Marvel's Spider-Man: 83 fps average
As you can see, this laptop means business. It is very powerful and capable, more so than I personally have ever seen in a gaming laptop, and on top of this it has a display that is second to none. So, what are the cons? There are a few to note, but none are so overwhelmingly drastic that it seriously affected my opinion of this system. But regardless, they are worth being aware of.
Running all of the latest hardware at its limits is costly in a plethora of ways. On one hand, there's the battery life, which just haemorrhages away, to the point that it feels almost impossible to use this laptop without keeping a charging cable handy. This isn't just when playing games either, as the bulky hardware does seem to take its toll at all times and will suck the life out of this device, even when under low-stress.
Assuming you are gaming a lot however, and are plugged into the mains and don't have to worry about battery life, it's worth being aware that the Zephyrus M16 isn't a particularly quiet machine. I have heard louder laptops, but it is by far not a device you would describe as reserved or subtle. But fans are a common enemy of audibly sensitive gamers, so you're probably used to this. What you likely aren't familiar with is a laptop system that gets so hot it genuinely becomes uncomfortable to use, because that is the point the Zephyrus M16 can get to. ASUS has packed this laptop with a bunch of cooling solutions aimed to tackle this, including using a liquid metal thermal compound, a triple-threat combination of fans for maximised airflow, all on top of a full-width heatsink, but this doesn't seem to deal with the problem that well, and it makes me wonder what the Zephyrus M16 would be like with one of these features missing.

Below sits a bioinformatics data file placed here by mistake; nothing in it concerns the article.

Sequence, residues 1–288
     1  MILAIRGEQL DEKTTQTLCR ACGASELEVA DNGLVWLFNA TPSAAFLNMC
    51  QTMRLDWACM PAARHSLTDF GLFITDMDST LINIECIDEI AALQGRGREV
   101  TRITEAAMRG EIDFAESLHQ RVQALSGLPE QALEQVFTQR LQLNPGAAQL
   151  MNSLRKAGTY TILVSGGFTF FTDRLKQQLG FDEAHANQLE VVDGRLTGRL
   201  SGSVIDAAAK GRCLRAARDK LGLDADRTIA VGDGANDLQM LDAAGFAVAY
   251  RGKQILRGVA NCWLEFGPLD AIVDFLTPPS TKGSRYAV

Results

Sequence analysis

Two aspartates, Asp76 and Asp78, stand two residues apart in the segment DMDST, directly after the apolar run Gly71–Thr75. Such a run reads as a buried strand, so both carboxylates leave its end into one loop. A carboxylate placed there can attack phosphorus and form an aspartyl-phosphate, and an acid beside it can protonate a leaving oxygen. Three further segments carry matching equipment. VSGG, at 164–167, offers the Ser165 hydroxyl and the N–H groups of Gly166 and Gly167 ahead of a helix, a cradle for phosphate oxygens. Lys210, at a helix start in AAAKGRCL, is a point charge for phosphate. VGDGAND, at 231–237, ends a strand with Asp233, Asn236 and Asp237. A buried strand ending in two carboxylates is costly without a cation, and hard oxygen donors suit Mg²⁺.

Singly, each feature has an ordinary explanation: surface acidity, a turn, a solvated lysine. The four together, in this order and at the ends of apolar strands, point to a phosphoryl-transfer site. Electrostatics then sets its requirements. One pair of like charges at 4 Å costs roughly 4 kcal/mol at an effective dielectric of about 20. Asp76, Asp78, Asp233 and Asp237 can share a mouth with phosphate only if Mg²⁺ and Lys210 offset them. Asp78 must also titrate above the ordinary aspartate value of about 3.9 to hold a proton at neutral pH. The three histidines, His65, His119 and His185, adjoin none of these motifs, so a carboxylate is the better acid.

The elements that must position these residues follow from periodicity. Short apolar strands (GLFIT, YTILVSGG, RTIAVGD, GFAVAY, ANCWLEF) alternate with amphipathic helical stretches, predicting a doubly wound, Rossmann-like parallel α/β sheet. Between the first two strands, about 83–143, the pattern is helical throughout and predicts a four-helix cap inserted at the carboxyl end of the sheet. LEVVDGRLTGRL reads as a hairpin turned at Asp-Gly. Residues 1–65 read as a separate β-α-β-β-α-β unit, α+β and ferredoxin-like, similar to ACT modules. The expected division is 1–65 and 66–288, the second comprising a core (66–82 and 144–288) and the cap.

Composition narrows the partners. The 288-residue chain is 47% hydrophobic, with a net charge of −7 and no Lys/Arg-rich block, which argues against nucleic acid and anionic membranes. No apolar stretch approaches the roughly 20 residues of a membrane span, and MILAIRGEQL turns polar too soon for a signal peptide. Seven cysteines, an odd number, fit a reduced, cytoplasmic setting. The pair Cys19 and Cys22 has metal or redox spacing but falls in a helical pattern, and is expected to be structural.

You might think that with all of these cooling solutions and the latest batch of hardware that the Zephyrus M16 is a rather large laptop, but that wouldn't be true. Sure, it isn't particularly small, but it does have tight dimensions and doesn't have a chassis design that is so overtly 'gamery' it sticks out like a sore thumb. No, in fact, this laptop is sleek and tidy, and uses a moving AniMe animation matrix (which can be customised using the pre-installed Armory Crate software) on its cover to create one of the most unique light shows I have ever seen - and this is coming from someone who usually keeps RGB to a minimum. All this technology does mean that the Zephyrus M16 is quite weighty however, clocking in at around 2.4kg.
But even though it does have some kinks, I can safely say that this is one of the best gaming laptops I have ever tested. The display is remarkably clear and bright, the internal hardware so powerful that I can genuinely see the argument for choosing a laptop over a desktop, and it all just looks so sleek and tidy and classy that it's hard not to gawk. The best way I could describe how the Zephyrus M16 feels in use is like a gaming laptop equivalent of a Ferrari: yes it's not an ideal device for travelling or taking on your commute to work (leave that job to Notebooks - or for the sake of this analogy, a Volkswagen), but if you want to play the latest games at their best (or again, for analogies sake, go 0-60 in 2.5 seconds), then the ASUS ROG Zephyrus M16 is the one to choose. Without a doubt.